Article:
Biogeochemical cycling of nickel and the fundamental mechanisms underlying hyperaccumulation. 

Mechanisms and cycling of nickel in New Caledonian hyperaccumulator plant species

Some trace elements, such as arsenic, cadmium, mercury, lead or selenium, are unnecessary to plants (no known physiological role). Others, like cobalt, copper, iron, manganese, molybdenum, nickel and zinc have known physiological roles and are, therefore, essential to plant growth. Some plants have the unique capability to tolerate normally toxic concentrations of metals in their environment.

As a consequence of their exceptionality, these plants are able to largely influence their ecosystem. Adrian's work in New Caledonia consists of three complementary approaches which aim to: (i) elucidate the distribution and dynamics of Ni in live hyperaccumulator plants during germination (ii) decipher the biogeochemical recycling of nickel and nutrients in a natural rainforest stand of Pycnandra acuminata; (iii) elucidate the ecophysiology of nickel in Pycnandra acuminata and Hybanthus austrocaledonicus. 


Adrian firstly focused on copper and arsenic hyperaccumulation in the Philippines (Manila observatory) before orienting his research towards Ni phytomining at the United States Department of Agriculture (Beltsville, MD) in collaboration with Rufus Chaney. He started a PhD in April 2017 at the Centre for Mined Land Rehabilitation under the supervision of Associate Professor Peter Erskine & Dr Antony van der Ent.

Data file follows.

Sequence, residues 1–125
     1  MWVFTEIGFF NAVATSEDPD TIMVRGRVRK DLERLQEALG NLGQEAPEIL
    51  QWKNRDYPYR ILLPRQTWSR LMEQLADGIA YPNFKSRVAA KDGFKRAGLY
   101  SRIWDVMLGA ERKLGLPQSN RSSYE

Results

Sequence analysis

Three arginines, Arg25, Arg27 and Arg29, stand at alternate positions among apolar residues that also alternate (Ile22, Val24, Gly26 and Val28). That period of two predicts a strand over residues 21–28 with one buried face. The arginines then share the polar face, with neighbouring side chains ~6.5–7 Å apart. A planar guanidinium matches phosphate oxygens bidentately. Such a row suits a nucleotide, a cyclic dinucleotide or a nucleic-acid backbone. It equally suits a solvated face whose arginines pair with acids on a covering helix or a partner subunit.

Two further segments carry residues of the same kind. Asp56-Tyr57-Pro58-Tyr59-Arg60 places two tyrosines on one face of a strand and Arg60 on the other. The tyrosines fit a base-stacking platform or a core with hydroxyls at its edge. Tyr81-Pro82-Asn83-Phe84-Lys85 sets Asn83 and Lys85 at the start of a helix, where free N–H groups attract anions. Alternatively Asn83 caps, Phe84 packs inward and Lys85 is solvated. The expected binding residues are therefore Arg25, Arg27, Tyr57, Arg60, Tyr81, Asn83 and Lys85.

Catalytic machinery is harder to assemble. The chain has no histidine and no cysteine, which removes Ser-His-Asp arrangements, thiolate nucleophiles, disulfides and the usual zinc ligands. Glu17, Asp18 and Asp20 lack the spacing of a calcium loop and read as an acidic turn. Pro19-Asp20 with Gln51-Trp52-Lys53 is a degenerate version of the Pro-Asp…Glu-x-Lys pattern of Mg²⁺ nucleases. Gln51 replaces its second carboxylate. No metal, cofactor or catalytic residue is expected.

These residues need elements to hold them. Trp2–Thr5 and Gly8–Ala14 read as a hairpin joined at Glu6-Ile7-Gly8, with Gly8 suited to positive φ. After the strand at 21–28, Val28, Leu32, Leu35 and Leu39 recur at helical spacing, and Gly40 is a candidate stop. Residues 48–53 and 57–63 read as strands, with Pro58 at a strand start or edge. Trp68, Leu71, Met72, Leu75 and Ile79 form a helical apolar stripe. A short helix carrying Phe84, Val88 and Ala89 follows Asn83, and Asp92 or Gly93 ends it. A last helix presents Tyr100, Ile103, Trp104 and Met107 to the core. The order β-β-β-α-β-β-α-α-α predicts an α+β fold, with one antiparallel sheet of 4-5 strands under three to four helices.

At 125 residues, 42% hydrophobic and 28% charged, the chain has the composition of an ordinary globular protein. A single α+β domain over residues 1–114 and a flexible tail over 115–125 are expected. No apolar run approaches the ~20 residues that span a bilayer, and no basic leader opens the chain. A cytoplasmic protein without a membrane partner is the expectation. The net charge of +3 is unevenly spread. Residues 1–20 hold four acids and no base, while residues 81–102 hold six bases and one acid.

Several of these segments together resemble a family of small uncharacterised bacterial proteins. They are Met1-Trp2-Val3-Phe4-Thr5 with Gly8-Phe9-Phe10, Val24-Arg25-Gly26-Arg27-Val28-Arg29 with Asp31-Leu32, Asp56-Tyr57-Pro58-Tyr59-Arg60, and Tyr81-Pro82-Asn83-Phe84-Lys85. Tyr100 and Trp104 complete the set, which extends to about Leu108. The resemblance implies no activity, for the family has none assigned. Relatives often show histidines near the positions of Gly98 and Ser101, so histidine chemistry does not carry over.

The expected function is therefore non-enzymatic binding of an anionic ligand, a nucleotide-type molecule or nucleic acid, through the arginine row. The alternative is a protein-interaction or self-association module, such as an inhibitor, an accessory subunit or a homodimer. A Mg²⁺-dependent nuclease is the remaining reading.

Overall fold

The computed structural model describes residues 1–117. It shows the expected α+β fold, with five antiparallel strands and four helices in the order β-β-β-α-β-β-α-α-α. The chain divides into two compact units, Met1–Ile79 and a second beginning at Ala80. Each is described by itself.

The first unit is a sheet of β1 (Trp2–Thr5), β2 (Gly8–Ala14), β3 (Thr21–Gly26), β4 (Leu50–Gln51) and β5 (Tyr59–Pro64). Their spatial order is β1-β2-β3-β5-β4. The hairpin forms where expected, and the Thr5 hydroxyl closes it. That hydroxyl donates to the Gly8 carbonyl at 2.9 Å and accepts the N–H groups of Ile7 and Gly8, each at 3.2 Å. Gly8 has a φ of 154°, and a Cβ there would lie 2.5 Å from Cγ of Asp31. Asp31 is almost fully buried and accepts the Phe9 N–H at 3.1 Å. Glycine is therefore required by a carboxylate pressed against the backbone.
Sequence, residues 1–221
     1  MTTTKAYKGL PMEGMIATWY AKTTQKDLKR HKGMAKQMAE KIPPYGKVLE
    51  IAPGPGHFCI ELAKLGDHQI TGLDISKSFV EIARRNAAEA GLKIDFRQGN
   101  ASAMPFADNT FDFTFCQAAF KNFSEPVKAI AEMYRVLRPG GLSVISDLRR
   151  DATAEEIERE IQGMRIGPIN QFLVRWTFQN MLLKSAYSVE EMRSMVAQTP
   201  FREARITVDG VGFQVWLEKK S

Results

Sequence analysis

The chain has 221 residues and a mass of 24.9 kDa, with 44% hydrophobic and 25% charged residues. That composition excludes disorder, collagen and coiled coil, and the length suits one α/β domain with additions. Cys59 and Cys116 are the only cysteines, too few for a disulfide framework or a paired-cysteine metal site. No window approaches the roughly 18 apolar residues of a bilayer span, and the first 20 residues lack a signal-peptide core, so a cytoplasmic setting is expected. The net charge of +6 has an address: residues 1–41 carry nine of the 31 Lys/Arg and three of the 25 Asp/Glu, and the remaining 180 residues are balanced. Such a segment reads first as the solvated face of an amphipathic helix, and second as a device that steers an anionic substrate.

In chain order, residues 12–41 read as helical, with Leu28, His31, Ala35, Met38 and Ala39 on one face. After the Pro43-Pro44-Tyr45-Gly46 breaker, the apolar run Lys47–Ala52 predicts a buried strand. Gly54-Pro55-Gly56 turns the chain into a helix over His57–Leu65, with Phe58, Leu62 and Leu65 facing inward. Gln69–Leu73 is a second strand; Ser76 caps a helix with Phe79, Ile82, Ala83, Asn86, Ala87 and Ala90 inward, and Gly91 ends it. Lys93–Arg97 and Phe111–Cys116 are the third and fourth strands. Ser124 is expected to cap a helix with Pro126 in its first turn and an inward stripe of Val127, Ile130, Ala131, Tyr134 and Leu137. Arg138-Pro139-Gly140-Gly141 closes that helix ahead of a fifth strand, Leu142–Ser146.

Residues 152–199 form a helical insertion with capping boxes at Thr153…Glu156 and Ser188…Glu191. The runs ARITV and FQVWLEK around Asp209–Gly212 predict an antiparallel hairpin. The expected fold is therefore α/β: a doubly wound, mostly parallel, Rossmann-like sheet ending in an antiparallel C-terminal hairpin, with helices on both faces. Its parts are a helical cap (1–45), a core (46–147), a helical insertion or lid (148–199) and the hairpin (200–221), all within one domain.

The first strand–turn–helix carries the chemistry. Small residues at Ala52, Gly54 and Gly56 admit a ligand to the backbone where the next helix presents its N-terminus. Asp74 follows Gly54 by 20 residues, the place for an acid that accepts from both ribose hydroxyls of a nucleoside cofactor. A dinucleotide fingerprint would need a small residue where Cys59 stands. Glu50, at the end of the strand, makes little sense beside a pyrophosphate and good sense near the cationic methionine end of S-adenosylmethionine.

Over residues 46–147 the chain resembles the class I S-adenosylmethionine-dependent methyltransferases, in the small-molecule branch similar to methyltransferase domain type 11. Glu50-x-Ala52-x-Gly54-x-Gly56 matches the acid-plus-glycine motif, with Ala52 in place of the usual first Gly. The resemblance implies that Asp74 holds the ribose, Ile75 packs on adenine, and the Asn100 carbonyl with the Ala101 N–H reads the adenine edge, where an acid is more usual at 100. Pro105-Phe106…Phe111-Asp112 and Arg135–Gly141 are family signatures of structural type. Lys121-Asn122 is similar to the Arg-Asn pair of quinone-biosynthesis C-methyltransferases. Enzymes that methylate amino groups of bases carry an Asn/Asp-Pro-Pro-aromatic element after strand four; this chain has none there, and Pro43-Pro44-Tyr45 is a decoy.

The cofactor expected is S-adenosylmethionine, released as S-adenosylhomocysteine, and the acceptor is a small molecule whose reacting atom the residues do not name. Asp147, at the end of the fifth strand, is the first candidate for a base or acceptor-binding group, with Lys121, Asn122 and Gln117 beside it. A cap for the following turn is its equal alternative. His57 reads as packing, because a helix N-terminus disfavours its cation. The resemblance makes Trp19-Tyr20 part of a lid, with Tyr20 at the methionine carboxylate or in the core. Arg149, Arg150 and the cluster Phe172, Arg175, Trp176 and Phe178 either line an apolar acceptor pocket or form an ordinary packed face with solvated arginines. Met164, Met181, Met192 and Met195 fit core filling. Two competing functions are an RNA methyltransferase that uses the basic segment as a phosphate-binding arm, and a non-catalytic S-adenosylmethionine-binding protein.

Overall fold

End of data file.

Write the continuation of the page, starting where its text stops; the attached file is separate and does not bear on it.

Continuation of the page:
Adrian graduated with a MSc in Ecology from the Toulouse III University (France) in 2012 and with an international MSc in pollution management from the Lille Catholic University (France) in 2016.


In Australia, Adrian has relationships with researchers from the Commonwealth Scientific and Industrial Research Organisation, including the flagship Land and Water (Canberra). He also works with the School of Life and Environmental Sciences of the Deakin University (Melbourne). He has a range of international collaborative projects, including with the Institute de Recherche pour le Development (New Caledonia), the Laboratoire Sols et Environment of the University of Lorraine (France) and the Manchester Metropolitan University (United Kingdom).


The University of Queensland Centennial Scholarship; International Postgraduate Research Scholarship.


Associate Professor Peter Erskine & Dr Antony van der Ent & Guillaume Echevarria

Key Publications

Paul, Adrian LD, and Rufus L. Chaney. "Effect of soil amendments on Cd accumulation by spinach from a Cd-mineralized soil." Journal of environmental quality 46.4 (2017): 707-713.

Paul, Adrian LD, Peter D. Erskine, and Antony van der Ent. "Corrigendum to: Metallophytes on Zn-Pb mineralised soils and mining wastes in Broken Hill, NSW, Australia." Australian Journal of Botany 66.3 (2018): 286-286.

Paul, Adrian LD, and Rufus L.  Chaney. “Influence of subsoil and soil volume on the accumulation of nickel by Alyssum corsicum grown on a serpentine soil.” International Journal of Phytoremediation. Accepted (minor revisions)

Paul, Adrian LD, Antony van der Ent, and Peter D. Erskine. “Scandium biogeochemistry at the ultramafic Lucknow deposit, Queensland, Australia”. International Journal of Geochemical Exploration. 204 (2019) 74-82.